The last eruption of the Kolumbo underwater volcano took place in 1650 and killed 70 people.
A group of volcanologists has discovered a large magma chamber growing under the Mediterranean volcano of Kolumbo, near the Greek tourist island of Santorini.
Kolumbo is an active submarine volcano located 8 km northeast of the island, in the Aegean Sea. High-resolution images and petrological data indicate that the magma chamber is about 0.6 km wide and 2 km deep, with about 42% molten mass.
The magma deposit is located between about 2 km and at least 4 km below sea level and represents a serious danger, since in the future it could cause an eruption that would generate a tsunami, according to a study published in Geochemistry, Geophysics, Geosystems.
The existence of a magma chamber increases the risk of a volcanic explosion. Kolumbo last erupted in 1650, breaking the surface of the sea and killing 70 people on the island.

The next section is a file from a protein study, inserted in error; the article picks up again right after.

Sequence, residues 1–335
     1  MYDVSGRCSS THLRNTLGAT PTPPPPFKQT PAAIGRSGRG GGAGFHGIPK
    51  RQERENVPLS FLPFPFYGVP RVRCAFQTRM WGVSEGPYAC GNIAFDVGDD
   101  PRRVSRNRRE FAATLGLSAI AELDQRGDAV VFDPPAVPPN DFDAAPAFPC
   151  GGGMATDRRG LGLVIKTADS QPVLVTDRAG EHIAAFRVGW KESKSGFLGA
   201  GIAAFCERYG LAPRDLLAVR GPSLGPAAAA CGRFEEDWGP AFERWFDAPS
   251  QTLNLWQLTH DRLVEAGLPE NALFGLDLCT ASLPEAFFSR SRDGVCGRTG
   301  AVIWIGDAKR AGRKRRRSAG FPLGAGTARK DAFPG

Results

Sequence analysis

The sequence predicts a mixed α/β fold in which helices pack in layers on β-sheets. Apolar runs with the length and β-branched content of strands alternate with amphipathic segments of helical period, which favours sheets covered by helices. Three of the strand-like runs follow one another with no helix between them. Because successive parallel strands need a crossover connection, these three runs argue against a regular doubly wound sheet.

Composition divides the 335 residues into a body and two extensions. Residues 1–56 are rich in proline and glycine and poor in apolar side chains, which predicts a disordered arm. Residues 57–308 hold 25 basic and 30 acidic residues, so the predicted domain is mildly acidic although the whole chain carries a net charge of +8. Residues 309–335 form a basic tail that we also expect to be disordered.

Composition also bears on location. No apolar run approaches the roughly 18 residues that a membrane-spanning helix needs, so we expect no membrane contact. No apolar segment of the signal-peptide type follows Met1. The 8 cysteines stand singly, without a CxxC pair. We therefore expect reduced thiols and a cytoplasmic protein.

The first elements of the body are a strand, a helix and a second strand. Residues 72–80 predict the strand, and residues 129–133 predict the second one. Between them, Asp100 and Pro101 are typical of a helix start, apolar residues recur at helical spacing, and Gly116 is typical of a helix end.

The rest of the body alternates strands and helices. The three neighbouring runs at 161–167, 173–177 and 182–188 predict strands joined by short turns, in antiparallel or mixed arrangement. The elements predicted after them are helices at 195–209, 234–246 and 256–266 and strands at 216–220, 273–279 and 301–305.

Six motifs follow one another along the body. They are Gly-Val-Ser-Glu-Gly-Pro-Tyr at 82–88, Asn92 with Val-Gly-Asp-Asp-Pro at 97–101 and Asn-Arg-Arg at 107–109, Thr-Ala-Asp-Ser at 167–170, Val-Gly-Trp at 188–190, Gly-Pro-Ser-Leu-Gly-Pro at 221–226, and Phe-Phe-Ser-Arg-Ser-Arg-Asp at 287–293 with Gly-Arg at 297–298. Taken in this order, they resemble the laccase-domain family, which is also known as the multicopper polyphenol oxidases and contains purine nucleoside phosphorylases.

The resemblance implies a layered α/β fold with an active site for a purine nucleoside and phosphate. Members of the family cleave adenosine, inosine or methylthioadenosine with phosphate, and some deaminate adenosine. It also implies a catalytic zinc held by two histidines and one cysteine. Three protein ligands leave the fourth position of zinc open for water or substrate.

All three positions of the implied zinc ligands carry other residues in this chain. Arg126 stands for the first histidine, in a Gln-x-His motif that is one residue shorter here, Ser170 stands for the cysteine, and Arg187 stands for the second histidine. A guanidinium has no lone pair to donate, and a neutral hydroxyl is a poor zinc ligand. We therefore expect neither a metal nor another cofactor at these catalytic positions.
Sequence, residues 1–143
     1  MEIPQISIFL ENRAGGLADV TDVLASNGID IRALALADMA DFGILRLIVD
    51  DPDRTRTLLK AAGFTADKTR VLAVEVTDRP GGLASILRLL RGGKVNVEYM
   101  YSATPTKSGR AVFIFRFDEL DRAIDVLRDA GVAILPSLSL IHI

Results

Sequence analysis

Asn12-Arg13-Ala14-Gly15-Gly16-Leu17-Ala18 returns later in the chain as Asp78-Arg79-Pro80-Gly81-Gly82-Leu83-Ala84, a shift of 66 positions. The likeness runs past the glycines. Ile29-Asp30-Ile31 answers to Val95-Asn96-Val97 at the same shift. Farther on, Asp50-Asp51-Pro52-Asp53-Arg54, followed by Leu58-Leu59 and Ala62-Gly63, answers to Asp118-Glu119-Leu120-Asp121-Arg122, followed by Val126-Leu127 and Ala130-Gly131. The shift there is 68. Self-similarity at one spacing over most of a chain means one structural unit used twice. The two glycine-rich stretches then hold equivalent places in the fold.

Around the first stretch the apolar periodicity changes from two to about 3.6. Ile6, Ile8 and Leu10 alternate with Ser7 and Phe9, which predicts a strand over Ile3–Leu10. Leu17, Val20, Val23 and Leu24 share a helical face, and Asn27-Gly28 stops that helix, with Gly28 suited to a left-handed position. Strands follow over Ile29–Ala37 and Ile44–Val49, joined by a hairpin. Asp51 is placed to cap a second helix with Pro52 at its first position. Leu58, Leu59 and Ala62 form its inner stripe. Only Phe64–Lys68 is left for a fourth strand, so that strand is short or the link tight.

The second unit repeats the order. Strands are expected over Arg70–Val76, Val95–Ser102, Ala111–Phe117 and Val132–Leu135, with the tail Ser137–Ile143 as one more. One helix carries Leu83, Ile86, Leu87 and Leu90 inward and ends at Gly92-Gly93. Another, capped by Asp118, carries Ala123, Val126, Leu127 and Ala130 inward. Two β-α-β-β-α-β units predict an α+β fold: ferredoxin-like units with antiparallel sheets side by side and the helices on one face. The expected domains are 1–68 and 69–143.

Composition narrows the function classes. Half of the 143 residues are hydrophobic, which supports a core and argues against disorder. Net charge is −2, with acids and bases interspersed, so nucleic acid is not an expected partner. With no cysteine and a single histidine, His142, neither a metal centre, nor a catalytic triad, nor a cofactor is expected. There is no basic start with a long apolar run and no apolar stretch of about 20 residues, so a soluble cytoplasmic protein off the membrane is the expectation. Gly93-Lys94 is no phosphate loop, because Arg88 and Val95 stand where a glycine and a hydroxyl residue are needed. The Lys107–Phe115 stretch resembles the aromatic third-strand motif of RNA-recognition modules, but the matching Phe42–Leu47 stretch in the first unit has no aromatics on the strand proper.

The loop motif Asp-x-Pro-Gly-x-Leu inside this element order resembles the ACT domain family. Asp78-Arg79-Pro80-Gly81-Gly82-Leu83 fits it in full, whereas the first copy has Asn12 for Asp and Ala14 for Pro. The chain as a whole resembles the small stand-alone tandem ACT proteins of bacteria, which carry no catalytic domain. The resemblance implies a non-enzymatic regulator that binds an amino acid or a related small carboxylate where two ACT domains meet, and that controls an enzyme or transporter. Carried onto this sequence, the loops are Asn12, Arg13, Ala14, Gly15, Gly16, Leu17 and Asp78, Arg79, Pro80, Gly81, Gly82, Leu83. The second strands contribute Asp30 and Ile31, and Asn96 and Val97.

The discovery of the deposit has led researchers to recommend conducting real-time hazard monitoring near other active submarine volcanoes to improve estimates of when an eruption is likely to occur.
The researchers used a Full Waveform Inversion (FWI) technique in their assessments, which calculates differences in the speeds of sound waves fired from the water surface that may indicate underwater anomalies. The method is similar to medical ultrasound: with the help of sound waves, “images of the underground structure of the volcano” are created, one of the scientists told Phys.org.
This technique made it possible to find a huge chamber, with a total volume of magma of 1.4 km³. A magma chamber is a reservoir of magma that feeds a volcano and is located in the Earth’s crust or upper mantle.
The chamber continues to expand: if the current growth rate continues, within the next 150 years the volume of magma could reach 2 km³, the scientists calculate. A similar amount of magma was ejected during the 1650 eruption.